hmm... thats pretty cool. i dont see why they insulated the cylinder though, condensation is not an issue that low. the cylinder will freeze over no matter what. i guess it got temps down a little bit.
also, i dont like how they used the commercially built vapochill unit. doesnt really show much skill beyond being able to connect everything. same goes with the custom out-of-house built ln2 cylinder. i guess i just have something against toms hardware.
the overclock is a pretty good one though. i hope to get my phase change system going soon, and take my barton to 2.8ghz, or somewhere about there. i might end up peltier cooling my NB.
also, bowman (at phase-change.com) was working on an autocascade to hit -150 degrees, on a permanent basis. hell probably do something like they are doing there with the NB cooling.
I saw that movie about a week ago. (OK maybe a couple days ago) The thing that made me wonder was how they knew when the computer was actually stable. I can't imagine it going over 5 GHZ and still being stable.
i think ln2 is good for seeing how high you can get a garage sale pentium pro to go, but when you are running more than a 1000 bucks of equipment, its ridiculous, its a waste, and its an insult to those fo us who make systems that have some sort of stamina, and are stable. i wonder why they went through all the effort, i mean they could have just set the multiplyer to 20, the fsb to 400, and then claim that they have a passively cooled PIV that runs at 6ghz. and people would flock to them too.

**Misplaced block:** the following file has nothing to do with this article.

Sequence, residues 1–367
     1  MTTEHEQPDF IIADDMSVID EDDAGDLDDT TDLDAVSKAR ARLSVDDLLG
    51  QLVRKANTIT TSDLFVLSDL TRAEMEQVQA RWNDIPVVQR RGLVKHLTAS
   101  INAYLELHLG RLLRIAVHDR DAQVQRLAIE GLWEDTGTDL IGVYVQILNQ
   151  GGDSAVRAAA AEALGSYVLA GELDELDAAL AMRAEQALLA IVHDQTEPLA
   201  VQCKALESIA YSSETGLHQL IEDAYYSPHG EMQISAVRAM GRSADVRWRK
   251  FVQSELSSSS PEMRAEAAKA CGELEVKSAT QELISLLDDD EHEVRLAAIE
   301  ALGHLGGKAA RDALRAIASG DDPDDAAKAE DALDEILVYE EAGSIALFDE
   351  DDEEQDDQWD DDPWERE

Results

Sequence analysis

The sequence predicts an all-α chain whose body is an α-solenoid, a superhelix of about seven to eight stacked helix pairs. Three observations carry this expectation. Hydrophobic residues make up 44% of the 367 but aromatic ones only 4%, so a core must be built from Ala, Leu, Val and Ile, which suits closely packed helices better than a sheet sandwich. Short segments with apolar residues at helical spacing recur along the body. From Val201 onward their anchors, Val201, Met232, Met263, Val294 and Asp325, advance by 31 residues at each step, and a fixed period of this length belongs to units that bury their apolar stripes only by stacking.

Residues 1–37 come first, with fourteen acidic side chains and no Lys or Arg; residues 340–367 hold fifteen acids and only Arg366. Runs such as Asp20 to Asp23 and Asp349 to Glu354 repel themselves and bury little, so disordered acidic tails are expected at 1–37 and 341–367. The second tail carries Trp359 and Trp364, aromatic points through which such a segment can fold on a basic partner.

of course, 4.7gHz stable is not bad, and it still requires something to be able to do. good overclock, but i think that their claim of a record is something to be disputed.
The thing about tomshardware.com that I am not particularly a fan of is the fact that first of all they obtain unlocked chips, not to mention chips that we as consumers cannot even purchase (3.4 GHz). So regardless of how well we try to overclock they have a distinct advantage to "the rest of us".
I understand this is something to be disputed, but I don't believe in calling unstable clock speeds "world records". What's the point of reaching that speed when you cannot even use it? I know, it's just to see how far you can push the processor, I'm glad the only thing your system can do is take a screenshot of a number in WCPUID. Please. If tomshardware wants to impress me, get to 5 GHz and remain stable. Don't ramble off in a video how you have a new world record when people before you have already reached 5.3 GHz.
The Extreme Edition chip is clocked at 3.2 GHz, they were given a 3.4 to work with. The 3.4 GHz chip hasn't been released and Intel is under a bit of pressure especially since AMD is going to release their 3400 on January 6th.
its insane and interesting but i prefer to read an article on overclocking that is useful and practical i.e. it contains all components and cooling materials that are easily acessible to the average joe, so in short i agree with you all
lclark2074, they didn't push anything, they should have had the title say "4.7 GHz overclock almost a new record!" because having a chip go to 5.225 GHz unstable doesn't do anything for anybody. We're being amazed by an escalating number in WCPUID. If you want I can create a program that looks identical to WCPUID and have the clock speed field gradually increase to 10 GHz. Tomshardware.com wasn't doing anything new, it looks more like they were just trying to flaunt their resources, they didn't achieve a world record as people in Japan have already clocked higher if you want to go by the criteria of simply making the CPU stable enough to take a screenshot of WCPUID. That actually angers me about enthusiasts who think they are high and mighty by reaching these unstable clock speeds, it's great that you pushed the chip that far, but you can't do anything with it so please don't bother boasting.